Quazi Mohammad Rezwanul Ahsan Nafis, 21, was taken into custody after a sting operation that involved the FBI and New York Police Department. He faces charges of attempting to use a weapon of mass destruction and attempting to provide material support to al Qaeda.
The suspect allegedly chose the New York Federal Reserve Bank as a target because he wanted to target the U.S. economy. NYPD Commissioner Raymond Kelly said Nafis considered attacking the New York Stock Exchange, but when he saw the amount of security there, he changed targets.
"We're up to 15 plots and counting since 9/11, with the Federal Reserve now added to a list of iconic targets that previously included the Brooklyn Bridge, the New York Stock Exchange, and Citicorp Center," Kelly said. "Vigilance is our watchword now and into the foreseeable future. That's why we have over 1,000 police officers assigned to counterterrorism duties every day."
Authorities say Nafis parked a van filled with what he believed were explosives outside the building and tried to detonate it with a cellphone on Wednesday. But his associates were actually undercover officers who arrested him at the scene. The explosives were not real.
According to the criminal complaint, Nafis, a Bangladeshi national, traveled to the U.S. in January for the purpose of conducting a terrorist attack on U.S. soil. He allegedly attempted to recruit people to form a terrorist cell inside the U.S. and sought out al Qaeda contacts within the U.S. to assist him in carrying out an attack.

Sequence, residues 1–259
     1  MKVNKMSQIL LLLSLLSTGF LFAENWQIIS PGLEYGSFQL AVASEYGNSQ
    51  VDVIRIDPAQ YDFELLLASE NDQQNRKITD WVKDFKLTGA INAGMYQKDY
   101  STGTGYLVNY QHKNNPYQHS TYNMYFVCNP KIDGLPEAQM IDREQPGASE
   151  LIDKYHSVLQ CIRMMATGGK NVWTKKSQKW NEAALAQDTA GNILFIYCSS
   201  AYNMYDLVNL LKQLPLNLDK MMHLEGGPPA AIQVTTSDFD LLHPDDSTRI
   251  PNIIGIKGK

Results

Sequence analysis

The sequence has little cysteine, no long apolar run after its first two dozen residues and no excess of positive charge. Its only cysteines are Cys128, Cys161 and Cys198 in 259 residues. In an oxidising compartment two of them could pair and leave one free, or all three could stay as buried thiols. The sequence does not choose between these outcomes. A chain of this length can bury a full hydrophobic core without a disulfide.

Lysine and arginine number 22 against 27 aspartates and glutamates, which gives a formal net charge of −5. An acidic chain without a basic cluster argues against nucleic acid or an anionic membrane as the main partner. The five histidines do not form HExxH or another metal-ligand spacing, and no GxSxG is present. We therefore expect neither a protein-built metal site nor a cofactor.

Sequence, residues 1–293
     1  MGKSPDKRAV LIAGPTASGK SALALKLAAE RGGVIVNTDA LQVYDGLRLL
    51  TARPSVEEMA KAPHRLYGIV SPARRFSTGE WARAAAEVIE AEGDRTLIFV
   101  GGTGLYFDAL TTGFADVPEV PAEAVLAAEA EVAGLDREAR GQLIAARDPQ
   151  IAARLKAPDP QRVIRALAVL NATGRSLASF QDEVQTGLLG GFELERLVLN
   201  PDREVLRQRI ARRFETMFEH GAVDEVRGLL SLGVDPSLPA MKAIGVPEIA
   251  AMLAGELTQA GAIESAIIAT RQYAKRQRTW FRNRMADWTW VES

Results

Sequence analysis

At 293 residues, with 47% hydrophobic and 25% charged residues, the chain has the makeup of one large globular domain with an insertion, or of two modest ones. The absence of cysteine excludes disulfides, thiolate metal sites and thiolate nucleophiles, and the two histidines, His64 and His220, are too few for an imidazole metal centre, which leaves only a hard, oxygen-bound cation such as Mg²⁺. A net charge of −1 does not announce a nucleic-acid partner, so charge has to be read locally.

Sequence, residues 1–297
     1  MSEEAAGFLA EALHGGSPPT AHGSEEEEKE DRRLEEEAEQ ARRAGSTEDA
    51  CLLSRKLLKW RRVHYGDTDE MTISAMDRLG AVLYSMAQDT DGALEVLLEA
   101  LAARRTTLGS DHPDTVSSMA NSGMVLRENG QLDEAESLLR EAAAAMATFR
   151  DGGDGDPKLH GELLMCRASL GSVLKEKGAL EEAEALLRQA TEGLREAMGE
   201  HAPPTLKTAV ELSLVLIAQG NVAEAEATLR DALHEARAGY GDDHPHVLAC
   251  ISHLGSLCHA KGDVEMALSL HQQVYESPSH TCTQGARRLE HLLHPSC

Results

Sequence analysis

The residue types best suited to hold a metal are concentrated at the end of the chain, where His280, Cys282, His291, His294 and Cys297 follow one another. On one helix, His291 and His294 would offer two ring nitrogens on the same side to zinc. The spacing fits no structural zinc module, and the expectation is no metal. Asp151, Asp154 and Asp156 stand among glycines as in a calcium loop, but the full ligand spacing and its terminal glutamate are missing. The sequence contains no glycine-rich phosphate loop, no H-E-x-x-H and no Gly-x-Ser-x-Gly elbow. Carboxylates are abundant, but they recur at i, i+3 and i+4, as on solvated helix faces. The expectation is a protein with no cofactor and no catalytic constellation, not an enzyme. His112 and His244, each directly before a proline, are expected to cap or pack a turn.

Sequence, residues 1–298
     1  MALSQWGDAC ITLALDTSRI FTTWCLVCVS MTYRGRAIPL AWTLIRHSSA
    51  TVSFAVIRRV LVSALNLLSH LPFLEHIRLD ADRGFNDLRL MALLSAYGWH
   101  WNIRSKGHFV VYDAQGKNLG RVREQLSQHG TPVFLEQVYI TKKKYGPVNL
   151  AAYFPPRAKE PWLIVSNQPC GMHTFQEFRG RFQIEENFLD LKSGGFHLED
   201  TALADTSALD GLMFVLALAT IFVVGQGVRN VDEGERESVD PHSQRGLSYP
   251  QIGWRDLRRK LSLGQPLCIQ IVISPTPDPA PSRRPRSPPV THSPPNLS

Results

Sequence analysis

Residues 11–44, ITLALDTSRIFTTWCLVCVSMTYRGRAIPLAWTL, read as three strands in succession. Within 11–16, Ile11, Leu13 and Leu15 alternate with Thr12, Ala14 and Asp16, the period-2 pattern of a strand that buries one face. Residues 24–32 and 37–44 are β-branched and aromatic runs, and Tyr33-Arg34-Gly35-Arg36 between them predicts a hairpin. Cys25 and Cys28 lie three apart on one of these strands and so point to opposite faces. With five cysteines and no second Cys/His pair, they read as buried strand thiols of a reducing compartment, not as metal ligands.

"He (got) a student visa under the pretext of being a student in a college in Missouri. He comes here with an avowed purpose of committing some sort of jihad here in the United States," Kelly said.
During the investigation, Nafis allegedly came into contact with an FBI undercover agent who was posing as an al Qaeda facilitator. The agent supplied him with 20 50-pound bags of purported explosives, and then Nafis allegedly stored and assembled the device for the attack.
Authorities say on Wednesday morning, Nafis joined the undercover agent in a van and went to a warehouse to assemble what he believed was a 1,000-pound bomb. Once at the Federal Reserve Bank, the two exited the van and walked to a nearby hotel, where Nafis recorded a video.
Nafis told Americans in the video, "We will not stop until we attain victory or martyrdom."
Then, Nafis allegedly tried repeatedly to detonate the bomb, not knowing that the bomb was a fake.
Nafis praised the man he called "our beloved Sheikh Osama bin Laden" in a written statement meant to claim credit for the attack. Authorities believe Nafis was a "lone actor."
The suspect appeared in federal court in Brooklyn on Wednesday afternoon for arraignment, unshaven and wearing jeans and a brown T-shirt. He was remanded without bail.
The Associated Press contributed to this report.